Blower motor going bad?
About 1.5 years ago I replace the blower motor on a 25 + yo american standard residential furnace. It is a basic GF unit with a 1/3 HP motor mounted on the blower cage driving the blower via belt. Checked balance on the blower, oiled bearings, checked startup and running current on the motor, installed some shock isolators on the cage frame - all appeared OK.
The motor replacement was a Dayton with the exact same motor p/n as the existing motor....somehow I don't believe the existing was the original motor...but anyway....
Recently got a call back and owner said motor 'sometimes hums' on startup. Of course, when I went there, it didn't 'hum.' Checked starting and running current - within spec. I then realized that there was no starting capacitor in the unit - motor is across the 110vac line with a relay contact. Seemed a little strange but not out of the ordinary. Attempted to verify if it should have a starting capacitor but the wiring diagram on the front panel had deteriorated, making it unreadable. Starting relay was solid with no chatter.
It seems the the motor is dying - true? Could I have just gotten a bad motor that is dying after 1.5 yrs of heating and cooling service?
And now I am questioning if there should be a starting capacitor to increase the starting torque. The current motor seems to start fine - a little groan under the load but comes up to speed quickly. ALso wondering if maybe the motor should be a 1/2 HP.
Yea, the entire unit should be replaced - the heat exchanger is thin but serviceable. They are an elderly couple and don't want to put the money into it.....
So, thoughts on if the motor is dying or other reasons for the hum that is intermittent?
Belt drive motors of that HP don't need start caps. You also don't have access to the start winding to put one in anyways!
I suspect the centrifugal start switch is sticking in the off position on shut down.
A new motor will remedy that.
Probably a shaded pole motor, never install a shaded pole on a belt drive, or any other configuration either.
Originally Posted by three_jeeps
Experience is a hard teacher because she gives the test first, the lesson afterwards". - Vernon Law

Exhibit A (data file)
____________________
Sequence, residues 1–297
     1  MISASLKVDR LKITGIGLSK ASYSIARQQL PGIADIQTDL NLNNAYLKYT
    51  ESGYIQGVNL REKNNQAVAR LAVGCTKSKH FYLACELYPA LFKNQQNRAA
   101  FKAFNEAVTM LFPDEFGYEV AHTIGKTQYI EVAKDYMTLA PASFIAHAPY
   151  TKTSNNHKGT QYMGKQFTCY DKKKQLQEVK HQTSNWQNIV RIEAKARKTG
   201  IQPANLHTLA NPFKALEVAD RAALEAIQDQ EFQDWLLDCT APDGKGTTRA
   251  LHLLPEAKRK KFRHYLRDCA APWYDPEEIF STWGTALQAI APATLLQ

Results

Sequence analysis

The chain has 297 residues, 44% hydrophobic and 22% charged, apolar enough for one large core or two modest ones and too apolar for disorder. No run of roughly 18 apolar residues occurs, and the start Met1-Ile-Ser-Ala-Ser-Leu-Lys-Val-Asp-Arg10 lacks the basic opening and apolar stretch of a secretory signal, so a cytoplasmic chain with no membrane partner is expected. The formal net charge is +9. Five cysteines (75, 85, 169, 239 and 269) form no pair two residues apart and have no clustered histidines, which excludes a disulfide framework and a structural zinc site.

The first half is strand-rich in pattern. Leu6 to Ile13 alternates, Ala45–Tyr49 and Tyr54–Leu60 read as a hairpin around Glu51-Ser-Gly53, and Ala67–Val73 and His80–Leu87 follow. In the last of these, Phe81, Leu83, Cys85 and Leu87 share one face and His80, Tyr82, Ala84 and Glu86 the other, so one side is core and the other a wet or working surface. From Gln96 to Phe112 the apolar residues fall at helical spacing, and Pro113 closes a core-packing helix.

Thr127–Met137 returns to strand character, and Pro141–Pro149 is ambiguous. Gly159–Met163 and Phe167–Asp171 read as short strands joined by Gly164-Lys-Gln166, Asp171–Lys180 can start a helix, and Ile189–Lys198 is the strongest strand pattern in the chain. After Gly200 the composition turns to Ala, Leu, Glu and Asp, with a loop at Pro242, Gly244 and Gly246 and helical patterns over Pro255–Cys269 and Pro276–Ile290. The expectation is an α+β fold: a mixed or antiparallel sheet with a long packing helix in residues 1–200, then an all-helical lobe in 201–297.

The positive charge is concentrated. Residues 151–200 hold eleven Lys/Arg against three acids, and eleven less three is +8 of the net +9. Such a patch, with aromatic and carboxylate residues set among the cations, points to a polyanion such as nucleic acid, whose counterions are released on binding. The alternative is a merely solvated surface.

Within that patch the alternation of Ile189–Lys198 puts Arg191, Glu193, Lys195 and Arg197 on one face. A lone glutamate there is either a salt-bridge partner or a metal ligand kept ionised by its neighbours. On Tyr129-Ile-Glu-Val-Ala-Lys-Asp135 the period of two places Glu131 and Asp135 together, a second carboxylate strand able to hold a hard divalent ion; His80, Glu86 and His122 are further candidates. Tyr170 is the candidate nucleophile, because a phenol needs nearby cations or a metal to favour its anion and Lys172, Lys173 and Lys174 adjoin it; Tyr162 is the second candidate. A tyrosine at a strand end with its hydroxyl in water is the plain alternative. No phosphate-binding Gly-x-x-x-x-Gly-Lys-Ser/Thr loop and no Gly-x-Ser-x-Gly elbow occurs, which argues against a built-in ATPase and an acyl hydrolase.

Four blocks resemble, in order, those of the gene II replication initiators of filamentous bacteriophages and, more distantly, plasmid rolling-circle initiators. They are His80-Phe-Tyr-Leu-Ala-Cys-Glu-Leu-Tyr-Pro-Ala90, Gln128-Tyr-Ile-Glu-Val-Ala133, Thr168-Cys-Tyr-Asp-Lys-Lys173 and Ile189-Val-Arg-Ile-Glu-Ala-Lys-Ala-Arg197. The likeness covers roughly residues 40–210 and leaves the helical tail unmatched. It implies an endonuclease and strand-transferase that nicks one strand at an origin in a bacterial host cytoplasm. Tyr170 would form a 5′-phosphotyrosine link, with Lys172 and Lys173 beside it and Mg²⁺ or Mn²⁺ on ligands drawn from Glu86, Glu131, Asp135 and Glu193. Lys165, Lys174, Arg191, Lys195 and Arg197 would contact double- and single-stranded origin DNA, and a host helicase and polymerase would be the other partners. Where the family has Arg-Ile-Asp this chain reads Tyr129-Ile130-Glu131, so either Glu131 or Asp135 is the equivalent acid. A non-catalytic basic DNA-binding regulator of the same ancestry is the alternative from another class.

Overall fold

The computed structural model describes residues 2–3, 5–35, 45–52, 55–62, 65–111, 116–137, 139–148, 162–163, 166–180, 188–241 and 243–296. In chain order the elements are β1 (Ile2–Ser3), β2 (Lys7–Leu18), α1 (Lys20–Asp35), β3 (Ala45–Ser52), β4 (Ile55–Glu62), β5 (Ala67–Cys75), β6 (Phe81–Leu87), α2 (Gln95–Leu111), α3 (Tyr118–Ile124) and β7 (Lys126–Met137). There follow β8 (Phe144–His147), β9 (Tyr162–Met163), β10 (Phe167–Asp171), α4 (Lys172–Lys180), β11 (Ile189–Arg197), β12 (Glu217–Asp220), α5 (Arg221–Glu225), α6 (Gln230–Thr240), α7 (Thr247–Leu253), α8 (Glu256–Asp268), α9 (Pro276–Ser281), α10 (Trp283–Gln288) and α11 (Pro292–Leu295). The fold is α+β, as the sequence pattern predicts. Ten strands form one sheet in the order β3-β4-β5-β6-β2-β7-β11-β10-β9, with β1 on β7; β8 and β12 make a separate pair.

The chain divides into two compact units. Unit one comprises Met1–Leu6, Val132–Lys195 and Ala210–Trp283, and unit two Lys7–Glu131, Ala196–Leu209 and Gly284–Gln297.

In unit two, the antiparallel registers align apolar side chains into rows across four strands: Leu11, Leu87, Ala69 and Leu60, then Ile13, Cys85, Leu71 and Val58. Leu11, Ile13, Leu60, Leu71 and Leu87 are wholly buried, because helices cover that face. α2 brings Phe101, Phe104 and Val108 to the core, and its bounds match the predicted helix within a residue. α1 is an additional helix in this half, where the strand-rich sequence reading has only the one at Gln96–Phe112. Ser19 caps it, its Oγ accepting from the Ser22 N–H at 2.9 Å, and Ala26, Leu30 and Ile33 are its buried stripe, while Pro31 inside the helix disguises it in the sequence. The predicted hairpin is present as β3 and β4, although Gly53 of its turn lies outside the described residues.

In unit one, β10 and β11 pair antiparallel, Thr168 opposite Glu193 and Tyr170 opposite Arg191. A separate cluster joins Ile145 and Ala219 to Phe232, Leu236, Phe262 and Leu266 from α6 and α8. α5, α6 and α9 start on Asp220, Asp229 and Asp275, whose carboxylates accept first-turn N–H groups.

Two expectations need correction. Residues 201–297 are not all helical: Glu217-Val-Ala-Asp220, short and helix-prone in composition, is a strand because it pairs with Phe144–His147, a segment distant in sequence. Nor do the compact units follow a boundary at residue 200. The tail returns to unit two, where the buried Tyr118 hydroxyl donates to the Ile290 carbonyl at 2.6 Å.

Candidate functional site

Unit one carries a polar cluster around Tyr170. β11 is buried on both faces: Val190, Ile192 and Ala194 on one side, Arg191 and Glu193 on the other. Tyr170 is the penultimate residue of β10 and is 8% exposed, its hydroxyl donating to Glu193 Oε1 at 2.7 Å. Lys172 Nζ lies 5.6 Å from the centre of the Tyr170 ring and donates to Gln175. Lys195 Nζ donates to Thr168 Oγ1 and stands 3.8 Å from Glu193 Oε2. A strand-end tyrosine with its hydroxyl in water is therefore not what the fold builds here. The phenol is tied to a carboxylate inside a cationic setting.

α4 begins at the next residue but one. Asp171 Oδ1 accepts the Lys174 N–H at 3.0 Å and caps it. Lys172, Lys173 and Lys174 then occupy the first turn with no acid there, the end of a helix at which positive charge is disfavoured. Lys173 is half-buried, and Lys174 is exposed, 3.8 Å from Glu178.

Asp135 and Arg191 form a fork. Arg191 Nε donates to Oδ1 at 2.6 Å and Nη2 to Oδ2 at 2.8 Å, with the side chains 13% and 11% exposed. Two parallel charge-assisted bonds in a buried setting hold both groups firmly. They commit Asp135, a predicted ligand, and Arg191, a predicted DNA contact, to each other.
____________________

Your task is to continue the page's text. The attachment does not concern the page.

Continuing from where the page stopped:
"Never let success go to your head, and never let failure go to your heart". - Unknown
After looking into it further, I agree with your assessment of a sticking start switch. Here is the motor specs:
Originally Posted by syndicated
Dayton Motor, 6K778, Belt Drive Motor, Split-Phase, Open Dripproof, 1/3 HP, 1725 RPM, Number of Speeds 1, 115 Volts, 6.6 Full Load Amps, 48Y NEMA Frame, Service Factor 1.35, 60 Hz, Cradle Mount, Ball Bearings, Auto Thermal Protection, Rotation CW/CCW, Ambient 40 C, Insulation Class B, Shaft Diameter 1/2 In, Shaft Length 1 1/2 In, Body Dia 5 5/8 In
Since it is split phase motor, the starter winding is disengaged when it reaches nominal speed.
Motor is out of warranty, so it is either buy replacement at $$$ (mfg in China), or get an AO Smith motor at $$$ (mfg in Mexico).
Thanks for your help....
Last edited by jpsmith1cm; 01-04-2013 at 08:56 PM.
My bad...I checked out the motor specs...it is a split phase and they have higher starting torques than a shaded pole with a start cap.
Originally Posted by Mr Bill
Thanks for your help
Another thought....uh...don't over-tighten the drive belt. Just tight enough to work, and nearly loose enough to slip is about right. Tighten as you would an automotive belt and you'll overload the new motor quickly. Old belt drive blowers do NOT like tight V-belts. Will overload the motor and ruin the bearings quickly!
Thanks for the thought.
Originally Posted by wahoo
I typically tighten the belt with about 1/2" to 3/4" of 'play' (deflection). Any more than 3/4" and I see the belt bounce around so much that it looks like it will jump off the pully...
Should the belt be looser?
Moved to tech to tech.
Seems a better fit, here.
If it's a shaded pole how does it have a start cap? If it uses a cap doesn't that make it a PSC motor?
Originally Posted by three_jeeps
I don't want to add anything specific, but I have experienced, and continue to experienced problems with "ratings" on new electric motors. Some are under rated, some over rated. I've had motors burn when replaced to the exact nameplate specs. It probably stems from the fact that the "old motor" may have been under rated, and probably built better. The "new motor" is probably under rated and built like garbage. Anyway my experience tells me electric motors, with the same nameplate capacity, are not created equal.
make the new motor over rated.
I've seen where people have been matching the motors by stack diameter and thickness instead of horsepower. Not sure how well it works in practice, but I understand where they are coming from.
Originally Posted by waregl82